In my previous post, I’ve shown a way to expose Kibana (ELK) instance to the internet using Nginx. This helps us hide our internal infrastructure behind a secure gateway reverse proxy. This, however, doesn’t mean that the actual Elastic Stack is secure. To do this, we need to configure the security settings for the cluster and related supporting applications. In this article, I will show how to do exactly this.
Naturally, these settings are added to your configuration files, like
Since I am using Docker, from now on I will be showing how to set up these settings using environmental variables in Docker or Kubernetes containers.
Before set up the configuration, we need to complete some preparations.
- If you don’t have a certificate authority, you need to generate one using:
You will be prompted for a file name and password. If you decide to use the default file name, after execution, the above command will create a file names
elastic-stack-ca.p12. Be sure to save this file and remember the password, because you will need it for further setup and adding new nodes to the ES cluster.
- You need to create a certificate and private key for each node in your cluster. You can do this by running the following shell command:
elasticsearch-certutil cert --ca elastic-stack-ca.p12
At first, you will be prompted for the Certificate Authority password, after which, you can once again choose file name and password for the node certificate file.
The generated certificates do not include information about hostnames such as SAN fields. For this reason, we will be disabling hostname verification at a later time, during the ES configuration step. If you want to use hostanme verification, generate certificates using the following command:
elasticsearch-certutil cert --name (name) --dns <dns> --ip <ip> --ca <path/to/ca>
- Generate an HTTP certificate for use with Kibana with the following command:
When prompted with the question “Generate a CSR”, we will select N, because we are creating this certificate, just to satisfy the security requirements for X-Pack. If you want a trusted authority, such as an internal security team or a commercial certificate authority to sign your certificate, then choose ‘y’.
When prompted for a certificate authority, select ‘y’ and write the full path to the file we created at step 1.
You will be prompted for the password to the CA file.
Next, you will be asked how long should the certificate be valid for - I chose 5y (5 years), since I don’t want to have to deal with this for a long time.
At last there will be a series of question asking you for information on how you want the cluster to be accessed, such as hostnames, ip addresses and if the certificates will be valid for one or multiple nodes.
At the very end, you will be asked for a password, for the certificate and a name for the zip file that will be created by this tool, which contains the certificate files for ElasticSearch and Kibana.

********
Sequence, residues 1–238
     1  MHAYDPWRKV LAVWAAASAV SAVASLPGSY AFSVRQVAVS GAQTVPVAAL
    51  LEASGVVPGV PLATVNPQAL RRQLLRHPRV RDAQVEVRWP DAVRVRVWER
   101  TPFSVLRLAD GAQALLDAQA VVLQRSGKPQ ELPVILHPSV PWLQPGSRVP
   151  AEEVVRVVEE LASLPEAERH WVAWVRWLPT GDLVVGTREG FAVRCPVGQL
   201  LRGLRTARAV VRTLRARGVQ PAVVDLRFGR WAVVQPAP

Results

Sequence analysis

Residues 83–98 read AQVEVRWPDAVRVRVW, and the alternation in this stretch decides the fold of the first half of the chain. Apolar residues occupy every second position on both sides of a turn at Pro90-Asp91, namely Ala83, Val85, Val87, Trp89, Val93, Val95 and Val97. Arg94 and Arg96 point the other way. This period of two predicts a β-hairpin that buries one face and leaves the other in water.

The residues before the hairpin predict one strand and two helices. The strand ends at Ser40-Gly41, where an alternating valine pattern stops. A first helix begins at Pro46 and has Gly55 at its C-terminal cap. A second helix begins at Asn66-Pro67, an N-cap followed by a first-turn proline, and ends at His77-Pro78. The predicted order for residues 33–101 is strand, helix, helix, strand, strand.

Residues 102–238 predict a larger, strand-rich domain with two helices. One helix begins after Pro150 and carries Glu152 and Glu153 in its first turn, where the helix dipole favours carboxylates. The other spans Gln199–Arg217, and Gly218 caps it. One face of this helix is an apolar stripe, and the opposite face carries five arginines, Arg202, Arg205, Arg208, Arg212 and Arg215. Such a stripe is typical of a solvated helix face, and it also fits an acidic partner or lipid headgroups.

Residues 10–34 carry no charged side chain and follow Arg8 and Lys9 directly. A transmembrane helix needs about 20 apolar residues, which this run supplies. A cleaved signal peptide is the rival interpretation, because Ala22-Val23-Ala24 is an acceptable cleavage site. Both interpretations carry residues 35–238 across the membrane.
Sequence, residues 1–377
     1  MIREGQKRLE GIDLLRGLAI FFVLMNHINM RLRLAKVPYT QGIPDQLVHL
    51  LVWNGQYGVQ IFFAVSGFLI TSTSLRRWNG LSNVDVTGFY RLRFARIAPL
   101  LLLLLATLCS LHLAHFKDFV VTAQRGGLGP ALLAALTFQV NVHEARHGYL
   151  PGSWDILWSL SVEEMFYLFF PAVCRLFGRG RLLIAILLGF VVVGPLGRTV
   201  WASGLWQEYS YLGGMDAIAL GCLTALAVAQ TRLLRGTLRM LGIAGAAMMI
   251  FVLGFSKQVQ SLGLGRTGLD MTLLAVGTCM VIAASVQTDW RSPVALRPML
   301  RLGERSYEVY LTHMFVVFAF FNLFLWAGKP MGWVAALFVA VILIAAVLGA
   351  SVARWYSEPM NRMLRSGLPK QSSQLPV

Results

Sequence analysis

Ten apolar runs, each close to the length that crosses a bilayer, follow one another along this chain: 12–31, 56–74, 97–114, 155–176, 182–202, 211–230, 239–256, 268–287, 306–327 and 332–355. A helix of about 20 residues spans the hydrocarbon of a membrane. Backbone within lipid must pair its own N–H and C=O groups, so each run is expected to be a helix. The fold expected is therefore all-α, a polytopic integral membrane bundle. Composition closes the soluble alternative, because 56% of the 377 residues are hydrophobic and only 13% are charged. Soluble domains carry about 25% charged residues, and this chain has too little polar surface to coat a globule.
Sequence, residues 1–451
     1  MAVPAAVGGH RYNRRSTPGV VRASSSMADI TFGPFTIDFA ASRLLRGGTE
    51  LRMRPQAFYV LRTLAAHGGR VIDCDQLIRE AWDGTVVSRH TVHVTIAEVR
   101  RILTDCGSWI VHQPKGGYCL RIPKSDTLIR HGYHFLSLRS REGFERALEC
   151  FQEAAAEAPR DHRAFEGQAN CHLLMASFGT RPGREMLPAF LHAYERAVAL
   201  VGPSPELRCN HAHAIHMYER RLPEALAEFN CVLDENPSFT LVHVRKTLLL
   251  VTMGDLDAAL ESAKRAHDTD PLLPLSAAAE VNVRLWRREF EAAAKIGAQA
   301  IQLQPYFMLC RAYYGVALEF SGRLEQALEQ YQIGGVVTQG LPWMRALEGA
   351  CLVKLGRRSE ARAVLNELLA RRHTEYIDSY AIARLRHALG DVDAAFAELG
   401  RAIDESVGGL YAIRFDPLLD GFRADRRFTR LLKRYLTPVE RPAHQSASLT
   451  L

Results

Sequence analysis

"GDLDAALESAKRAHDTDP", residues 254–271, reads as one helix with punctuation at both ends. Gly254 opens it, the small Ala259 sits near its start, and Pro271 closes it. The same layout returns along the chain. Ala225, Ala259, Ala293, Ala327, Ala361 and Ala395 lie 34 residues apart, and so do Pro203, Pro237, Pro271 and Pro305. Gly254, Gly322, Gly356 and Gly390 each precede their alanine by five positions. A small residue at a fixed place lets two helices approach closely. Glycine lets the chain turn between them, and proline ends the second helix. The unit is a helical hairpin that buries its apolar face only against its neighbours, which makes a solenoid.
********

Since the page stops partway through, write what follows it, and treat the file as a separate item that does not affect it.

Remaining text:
With this, we have finished the preparation. Next it’s time to start the configuration.
Create a “certs” folder in to your ElasticSearch configuration folder and copy all the files that we created there.
The location of the configuration folder for a Docker container is
Set the following environmental variables in either your Dockerfile or Kubernetes deployment:
(This is how i set them using docker-compose.yml)
Note: if you’ve set passwords for the certificates, you have to add these passwords to the ES key store like this:
elasticsearch-keystore add xpack.security.transport.ssl.keystore.secure_password
- Start or restart your ElasticSearch cluster.
- Change the default users’ passwords using
After all this, we have a secure ElasticSearch cluster, but we will be unable to connect from other tools, like Kibana or Logstash, so let’s see how to set those up.
Setting up Kibana is easy - it’s just a matter of adding some configuration to your Kibana.yml, or in my case, adding those to the environmental variables for use with Docker or Kubernetes. Here is my configuration:
- Even though we have enabled security on the ES side, we still haven’t set a secure connection, so we need to use the HTTP protocol in our connection settings instead of HTTPS
- I am using an example with the default username
kibana_systemand the password that we set at step 7, but you’re free to set any user and password that you like (it’s easy to do this from Kibana itself)
Setting Logstash to work with a secure ES cluster is just a matter of setting the username and password in the ElasticSearch output for the pipeline that uses it. Here is an example configuration:
You can replace the values directly in the configuration, or if you have multiple outputs to the same ES cluster, you can set them up as environmental variables like this:
I’ve shown you the steps to setting up a basic security in ELK (ElasticSearch, Kibana, Logstash) stack and how to make the different systems work together. While this article does not go into detail about the different available options, it combines all of the setup steps, scattered through the documentation pages, in one place. I hope this was helpful for you!
Links used as a base for this article:
- Set up X-Pack
- Configuring security in ElasticSearch
- ElasticSearch Security settings reference
- Generating ES certificates
- ES Built-in users